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Supreme Court shows little sympathy for whales beset by sonar

WASHINGTON — Whales may simply have to pay the price as the Navy prepares for war, Supreme Court justices suggested Wednesday.

In a closely watched environmental case, justices Wednesday morning repeatedly sounded sympathetic to Pentagon officials who want to run large-scale Navy exercises off the Southern California coast. While the resulting underwater sonar storm disturbs marine mammals, it also helps prepare sailors for combat.

"I thought the whole point of the armed forces was to hurt the environment," Associate Justice Stephen Breyer said, half-jokingly. "Of course they're going to do harm."

The Pentagon and environmentalists disagree over exactly how much mid-frequency active sonar injures marine mammals, and justices Wednesday couldn't resolve the conflict. An apparent majority of justices, though, did appear ready to defer to military expertise in matters of national security.

Chief Justice John Roberts raised the specter of an undetected "North Korean diesel submarine to get (closer) to Pearl Harbor" if sailors couldn't train with sonar, and Associate Justice Samuel Alito asked pointedly if a judge could be considered "an expert on anti-submarine warfare." Alito added that there is "something incredibly odd" about a trial judge making a decision "contrary" to the Navy's requirements.

Even Breyer, who at times has been skeptical about other claims of executive authority, suggested that "an admiral (who) comes along with an affidavit that seems plausible" might outrank a "district judge who just says" the training should stop.

"You're asking us (for a decision), who know little about whales and less about the Navy," Breyer told Los Angeles-based attorney Richard Kendall, who's representing environmental groups.

The technical but crucial legal question in Winter v. Natural Resources Defense Council is when a federal agency can sidestep conventional environmental protections by declaring an emergency. A Pentagon victory could make such emergency declarations more common, and on more than just military matters.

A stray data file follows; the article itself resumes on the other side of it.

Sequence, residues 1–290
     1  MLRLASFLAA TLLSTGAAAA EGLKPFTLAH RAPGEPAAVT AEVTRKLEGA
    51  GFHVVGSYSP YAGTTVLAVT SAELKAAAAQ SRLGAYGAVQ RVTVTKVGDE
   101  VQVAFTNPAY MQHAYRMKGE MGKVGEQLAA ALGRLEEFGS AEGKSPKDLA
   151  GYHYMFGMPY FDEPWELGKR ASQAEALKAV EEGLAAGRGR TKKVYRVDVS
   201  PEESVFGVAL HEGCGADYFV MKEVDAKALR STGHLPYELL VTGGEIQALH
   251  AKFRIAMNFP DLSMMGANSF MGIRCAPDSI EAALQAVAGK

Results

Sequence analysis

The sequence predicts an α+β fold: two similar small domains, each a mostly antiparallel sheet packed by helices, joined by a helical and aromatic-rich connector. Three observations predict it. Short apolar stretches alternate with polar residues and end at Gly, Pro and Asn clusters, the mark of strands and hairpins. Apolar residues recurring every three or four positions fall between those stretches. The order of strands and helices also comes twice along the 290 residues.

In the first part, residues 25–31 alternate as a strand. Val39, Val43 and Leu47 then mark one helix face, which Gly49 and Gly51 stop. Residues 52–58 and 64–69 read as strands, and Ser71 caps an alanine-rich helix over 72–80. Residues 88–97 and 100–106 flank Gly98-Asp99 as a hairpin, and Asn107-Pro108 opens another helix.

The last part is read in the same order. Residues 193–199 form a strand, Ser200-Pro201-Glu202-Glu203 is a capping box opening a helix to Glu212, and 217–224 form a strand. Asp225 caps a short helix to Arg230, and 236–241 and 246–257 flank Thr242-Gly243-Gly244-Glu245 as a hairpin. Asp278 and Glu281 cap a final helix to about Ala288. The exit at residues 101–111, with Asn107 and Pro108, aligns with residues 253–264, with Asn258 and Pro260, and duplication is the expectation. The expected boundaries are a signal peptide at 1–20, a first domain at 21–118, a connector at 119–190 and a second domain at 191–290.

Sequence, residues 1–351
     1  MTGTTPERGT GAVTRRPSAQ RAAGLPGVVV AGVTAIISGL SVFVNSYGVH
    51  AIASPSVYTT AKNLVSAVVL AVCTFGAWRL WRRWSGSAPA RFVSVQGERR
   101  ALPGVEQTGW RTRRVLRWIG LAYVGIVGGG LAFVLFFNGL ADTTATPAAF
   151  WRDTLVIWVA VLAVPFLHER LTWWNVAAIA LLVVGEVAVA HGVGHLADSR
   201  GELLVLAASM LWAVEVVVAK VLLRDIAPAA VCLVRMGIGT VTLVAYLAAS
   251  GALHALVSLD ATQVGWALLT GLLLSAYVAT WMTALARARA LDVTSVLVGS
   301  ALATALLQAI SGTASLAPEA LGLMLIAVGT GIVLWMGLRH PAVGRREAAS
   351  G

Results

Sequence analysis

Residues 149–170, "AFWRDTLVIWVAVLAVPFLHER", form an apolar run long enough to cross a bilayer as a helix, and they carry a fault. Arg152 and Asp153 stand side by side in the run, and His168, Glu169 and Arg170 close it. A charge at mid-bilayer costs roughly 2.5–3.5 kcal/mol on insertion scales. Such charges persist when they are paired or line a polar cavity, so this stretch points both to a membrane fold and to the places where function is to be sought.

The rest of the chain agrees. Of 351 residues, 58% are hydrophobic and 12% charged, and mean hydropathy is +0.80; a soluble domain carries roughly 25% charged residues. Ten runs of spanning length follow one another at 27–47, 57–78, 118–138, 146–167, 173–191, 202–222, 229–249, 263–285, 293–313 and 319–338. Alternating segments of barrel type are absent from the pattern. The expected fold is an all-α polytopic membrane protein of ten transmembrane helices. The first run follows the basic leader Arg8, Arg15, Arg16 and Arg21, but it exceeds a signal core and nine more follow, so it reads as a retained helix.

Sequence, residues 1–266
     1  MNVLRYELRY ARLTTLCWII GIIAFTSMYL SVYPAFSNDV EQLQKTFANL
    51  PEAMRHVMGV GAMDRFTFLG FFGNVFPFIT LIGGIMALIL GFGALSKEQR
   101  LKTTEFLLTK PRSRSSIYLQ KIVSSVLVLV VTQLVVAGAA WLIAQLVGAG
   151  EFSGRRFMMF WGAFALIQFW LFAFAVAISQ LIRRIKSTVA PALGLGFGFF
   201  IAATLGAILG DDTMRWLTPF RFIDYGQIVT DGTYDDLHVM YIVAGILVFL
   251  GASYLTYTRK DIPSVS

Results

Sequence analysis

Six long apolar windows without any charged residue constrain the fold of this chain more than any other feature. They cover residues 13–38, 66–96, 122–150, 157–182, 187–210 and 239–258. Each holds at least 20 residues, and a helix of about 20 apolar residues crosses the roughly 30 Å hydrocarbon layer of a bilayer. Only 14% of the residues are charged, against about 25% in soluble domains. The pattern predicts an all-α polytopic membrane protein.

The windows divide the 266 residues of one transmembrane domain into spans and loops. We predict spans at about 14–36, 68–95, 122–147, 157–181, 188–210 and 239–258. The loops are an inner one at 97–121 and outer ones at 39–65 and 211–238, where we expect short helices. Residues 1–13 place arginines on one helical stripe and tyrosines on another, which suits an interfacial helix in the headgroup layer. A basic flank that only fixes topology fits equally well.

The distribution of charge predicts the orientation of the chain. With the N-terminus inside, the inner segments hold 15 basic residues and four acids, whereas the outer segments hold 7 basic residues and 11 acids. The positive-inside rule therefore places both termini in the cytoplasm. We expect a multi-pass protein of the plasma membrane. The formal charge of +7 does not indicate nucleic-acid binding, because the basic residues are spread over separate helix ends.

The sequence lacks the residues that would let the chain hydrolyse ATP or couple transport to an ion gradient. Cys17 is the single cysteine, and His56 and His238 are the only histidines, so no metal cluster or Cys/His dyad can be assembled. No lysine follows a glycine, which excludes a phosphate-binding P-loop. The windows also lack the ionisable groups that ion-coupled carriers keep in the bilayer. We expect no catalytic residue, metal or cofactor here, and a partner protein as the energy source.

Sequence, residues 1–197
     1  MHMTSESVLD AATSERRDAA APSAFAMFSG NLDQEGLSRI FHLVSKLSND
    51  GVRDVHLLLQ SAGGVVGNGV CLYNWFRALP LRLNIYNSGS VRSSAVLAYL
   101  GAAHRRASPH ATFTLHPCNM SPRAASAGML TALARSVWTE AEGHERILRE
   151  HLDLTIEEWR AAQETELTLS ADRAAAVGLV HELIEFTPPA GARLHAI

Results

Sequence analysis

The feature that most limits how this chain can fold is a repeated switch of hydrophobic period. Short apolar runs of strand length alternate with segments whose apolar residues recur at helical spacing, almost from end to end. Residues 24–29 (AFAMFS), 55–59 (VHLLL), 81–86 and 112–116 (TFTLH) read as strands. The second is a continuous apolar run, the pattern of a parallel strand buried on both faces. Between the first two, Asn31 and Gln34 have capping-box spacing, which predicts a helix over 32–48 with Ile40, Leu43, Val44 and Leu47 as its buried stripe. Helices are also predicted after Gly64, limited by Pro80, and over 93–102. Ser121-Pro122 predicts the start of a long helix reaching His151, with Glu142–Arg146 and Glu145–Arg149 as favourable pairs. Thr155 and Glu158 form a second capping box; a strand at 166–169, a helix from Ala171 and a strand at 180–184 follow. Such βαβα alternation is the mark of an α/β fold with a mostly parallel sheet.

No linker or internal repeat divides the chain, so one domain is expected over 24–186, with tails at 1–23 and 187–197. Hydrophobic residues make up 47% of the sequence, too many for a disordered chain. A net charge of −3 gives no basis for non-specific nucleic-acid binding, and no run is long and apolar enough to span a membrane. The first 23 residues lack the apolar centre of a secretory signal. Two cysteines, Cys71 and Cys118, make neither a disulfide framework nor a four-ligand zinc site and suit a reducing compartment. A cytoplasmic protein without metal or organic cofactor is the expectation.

Even before the hour-long oral arguments Wednesday, legal scholars were predicting the conservative-led court was likely to defer to military necessity in time of war. The prediction is enhanced by the fact that Winter v. Natural Resources Defense Council arises from the San Francisco-based 9th Circuit Court of Appeals, which the Supreme Court reversed in eight out of 10 cases last year.

It's the conflict between whales and sailors, though, that gives the case its sizzle.

Underscoring the stakes — and perhaps as part of a bit of courtroom staging — an array of uniformed Navy officers sat prominently in the front row of the visitors section Wednesday.

The Navy needs the Southern California Operating Area for training exercises, which prepare naval strike groups for deployment to the Pacific Ocean and Middle East. Sailors use mid-frequency active sonar to detect otherwise hard-to-find submarines.

The Southern California coastal waters are also home to at least 37 species of marine mammals, including pygmy sperm whales, coastal bottlenose dolphins and endangered blue whales.

The Navy's sonar produces piercing underwater sounds that Kendall said was 2,000 times louder than a jet engine. Some scientists say sonar use can cause hearing loss, cranial bleeding, behavioral modifications and mass strandings.

A district court imposed additional safety measures on the Navy, including stopping sonar use when marine mammals were spotted within 2,200 yards and powering down the sonar under certain other conditions.

"The Navy is perfectly able to train under these circumstances," Kendall said.

The Bush administration's Council on Environmental Quality declared "emergency circumstances" existed, which the administration argues should dissolve the district court's training limitations. Administration officials also dispute the extent of harm, noting that Navy exercises have been taking place off the Southern California coast for the past four decades.

"No marine mammals will be killed as a result of these exercises," Solicitor General Gregory Garre told the court. "They hear the (sonar) sound, and they go in the opposition direction. It also has some temporary effect on their feeding patterns."

Associate Justice David Souter pressed Garre vigorously, insisting that the Navy may have brought the emergency circumstances on itself, but Associate Justice Anthony Kennedy added that a presidential declaration of military necessity "certainly must be given great weight."

Kendall predicted the court should rule within two months, prior to the next — and final — training session planned for the Southern California Operating Area.


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